Exploring another volcanology topic today. The Fish Canyon Tuff.
This, like yesterday’s post, is about a very specific volcanic occurrence, not a broad topic. Tuff, for those non-geologically inclined, is a type of rock that is formed by volcanic ash as it compacts and welds itself together as it is very hot (you know, having come from a volcano).
The significance of this in Fish Canyon is that there is a lot of it. So much of it, in fact, that if you measure it, look at it’s composition and infer what kind of eruption produced it, you end up with one of the largest, most confidently estimated, eruptions in the history of the Earth.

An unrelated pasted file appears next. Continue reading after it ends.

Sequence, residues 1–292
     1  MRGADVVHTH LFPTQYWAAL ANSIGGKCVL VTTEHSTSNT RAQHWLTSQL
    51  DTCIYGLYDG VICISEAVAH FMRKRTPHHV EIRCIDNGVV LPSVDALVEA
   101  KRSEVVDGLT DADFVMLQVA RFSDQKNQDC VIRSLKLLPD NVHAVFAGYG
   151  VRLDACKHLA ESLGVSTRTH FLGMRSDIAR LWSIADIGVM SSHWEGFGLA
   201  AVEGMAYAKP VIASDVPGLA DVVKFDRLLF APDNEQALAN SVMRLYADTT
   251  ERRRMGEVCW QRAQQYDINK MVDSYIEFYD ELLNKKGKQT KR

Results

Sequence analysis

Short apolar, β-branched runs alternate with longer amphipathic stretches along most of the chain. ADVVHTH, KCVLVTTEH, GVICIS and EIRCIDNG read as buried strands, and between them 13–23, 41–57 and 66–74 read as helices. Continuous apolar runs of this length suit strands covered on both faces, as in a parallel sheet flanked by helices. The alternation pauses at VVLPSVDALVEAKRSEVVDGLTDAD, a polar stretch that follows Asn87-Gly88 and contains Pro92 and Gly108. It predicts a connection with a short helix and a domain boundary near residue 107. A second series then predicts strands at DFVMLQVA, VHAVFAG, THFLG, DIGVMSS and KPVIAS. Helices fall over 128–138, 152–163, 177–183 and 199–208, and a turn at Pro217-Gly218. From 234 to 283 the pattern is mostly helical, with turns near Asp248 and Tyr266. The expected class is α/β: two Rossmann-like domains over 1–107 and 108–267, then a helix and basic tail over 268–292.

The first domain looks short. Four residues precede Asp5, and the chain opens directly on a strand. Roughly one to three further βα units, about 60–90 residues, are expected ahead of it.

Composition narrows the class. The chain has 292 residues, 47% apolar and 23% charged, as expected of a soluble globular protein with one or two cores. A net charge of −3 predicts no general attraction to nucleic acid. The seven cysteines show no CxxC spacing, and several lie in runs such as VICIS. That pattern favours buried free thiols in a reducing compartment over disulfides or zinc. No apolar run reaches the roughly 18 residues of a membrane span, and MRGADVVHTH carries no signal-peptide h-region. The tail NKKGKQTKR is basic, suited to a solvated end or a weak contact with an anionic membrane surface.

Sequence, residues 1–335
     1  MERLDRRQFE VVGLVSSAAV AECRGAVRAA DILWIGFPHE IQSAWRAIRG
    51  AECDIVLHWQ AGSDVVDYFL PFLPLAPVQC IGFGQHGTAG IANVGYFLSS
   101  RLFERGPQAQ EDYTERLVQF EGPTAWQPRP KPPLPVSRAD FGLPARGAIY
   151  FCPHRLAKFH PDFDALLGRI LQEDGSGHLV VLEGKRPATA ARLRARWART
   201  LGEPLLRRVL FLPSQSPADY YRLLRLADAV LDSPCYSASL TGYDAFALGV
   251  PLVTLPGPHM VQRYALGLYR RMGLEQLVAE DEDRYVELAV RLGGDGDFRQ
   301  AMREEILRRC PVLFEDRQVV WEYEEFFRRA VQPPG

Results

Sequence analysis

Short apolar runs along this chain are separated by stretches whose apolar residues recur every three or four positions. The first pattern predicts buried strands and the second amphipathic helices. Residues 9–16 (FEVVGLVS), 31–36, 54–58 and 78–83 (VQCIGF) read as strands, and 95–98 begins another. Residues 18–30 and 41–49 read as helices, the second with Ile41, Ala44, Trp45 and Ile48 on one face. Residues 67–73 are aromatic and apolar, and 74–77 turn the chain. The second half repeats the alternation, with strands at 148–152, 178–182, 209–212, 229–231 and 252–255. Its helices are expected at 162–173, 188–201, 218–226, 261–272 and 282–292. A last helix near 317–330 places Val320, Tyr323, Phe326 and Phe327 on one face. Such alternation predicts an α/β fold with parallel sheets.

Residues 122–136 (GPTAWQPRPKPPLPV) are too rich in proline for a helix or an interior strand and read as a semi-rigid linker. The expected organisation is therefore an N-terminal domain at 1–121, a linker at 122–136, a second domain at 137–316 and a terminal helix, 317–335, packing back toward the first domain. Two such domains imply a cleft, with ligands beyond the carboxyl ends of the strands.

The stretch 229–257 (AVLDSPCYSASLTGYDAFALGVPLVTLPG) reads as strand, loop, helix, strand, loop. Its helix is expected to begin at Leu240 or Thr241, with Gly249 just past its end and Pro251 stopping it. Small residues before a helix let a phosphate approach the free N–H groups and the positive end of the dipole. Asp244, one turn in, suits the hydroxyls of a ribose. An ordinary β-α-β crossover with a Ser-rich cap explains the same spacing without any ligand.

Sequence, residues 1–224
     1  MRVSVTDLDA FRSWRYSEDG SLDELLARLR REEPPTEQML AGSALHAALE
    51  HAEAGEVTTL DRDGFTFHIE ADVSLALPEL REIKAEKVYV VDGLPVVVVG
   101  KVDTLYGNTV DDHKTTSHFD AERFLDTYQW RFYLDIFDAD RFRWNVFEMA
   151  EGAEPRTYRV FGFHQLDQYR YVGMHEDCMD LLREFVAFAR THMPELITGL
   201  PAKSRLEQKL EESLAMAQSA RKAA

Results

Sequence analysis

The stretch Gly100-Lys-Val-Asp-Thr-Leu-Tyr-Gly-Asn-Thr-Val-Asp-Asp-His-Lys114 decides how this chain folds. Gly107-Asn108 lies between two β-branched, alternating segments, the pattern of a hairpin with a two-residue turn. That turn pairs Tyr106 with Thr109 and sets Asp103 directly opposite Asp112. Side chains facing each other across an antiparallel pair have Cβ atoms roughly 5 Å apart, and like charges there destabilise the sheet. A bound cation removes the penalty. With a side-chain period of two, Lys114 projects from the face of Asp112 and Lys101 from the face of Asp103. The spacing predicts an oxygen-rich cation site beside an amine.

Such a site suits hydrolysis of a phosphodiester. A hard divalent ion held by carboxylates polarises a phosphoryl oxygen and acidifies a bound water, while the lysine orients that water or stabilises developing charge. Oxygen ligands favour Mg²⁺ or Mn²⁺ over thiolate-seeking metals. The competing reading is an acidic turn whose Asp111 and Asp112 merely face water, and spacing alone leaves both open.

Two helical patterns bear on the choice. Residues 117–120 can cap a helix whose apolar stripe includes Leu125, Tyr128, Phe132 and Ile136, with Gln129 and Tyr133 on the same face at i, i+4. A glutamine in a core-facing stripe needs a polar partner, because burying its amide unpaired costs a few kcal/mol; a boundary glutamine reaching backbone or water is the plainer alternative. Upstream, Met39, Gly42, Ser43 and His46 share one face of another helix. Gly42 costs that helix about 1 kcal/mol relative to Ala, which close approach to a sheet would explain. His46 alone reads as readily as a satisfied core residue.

The Fish Canyon Tuff is the result of a supervolcano that formed a massive caldera near La Garita, Colorado around 28 million years ago. A caldera forms after certain types of eruption occur. The ground rises because of the eruption and then collapses upon itself after the eruption is finished leaving a large depression. Here is a cool animation I found on Wikipedia showing off how it works.
To deposit the amount of tuff it did, the eruption would’ve had to been a supermassive, explosive eruption… and it was. The energy released for this eruption is estimated to be the most energetic event on Earth since the asteroid that struck the Earth leading to the K/T extinction occurred 65 million years ago.
Another cool topic, but I’m not sure it’s for me. I WAS thinking supervolcanos when I first learned of the paper, but some of the other topics look a little more promising. Either way, it would be a cool looking place to visit.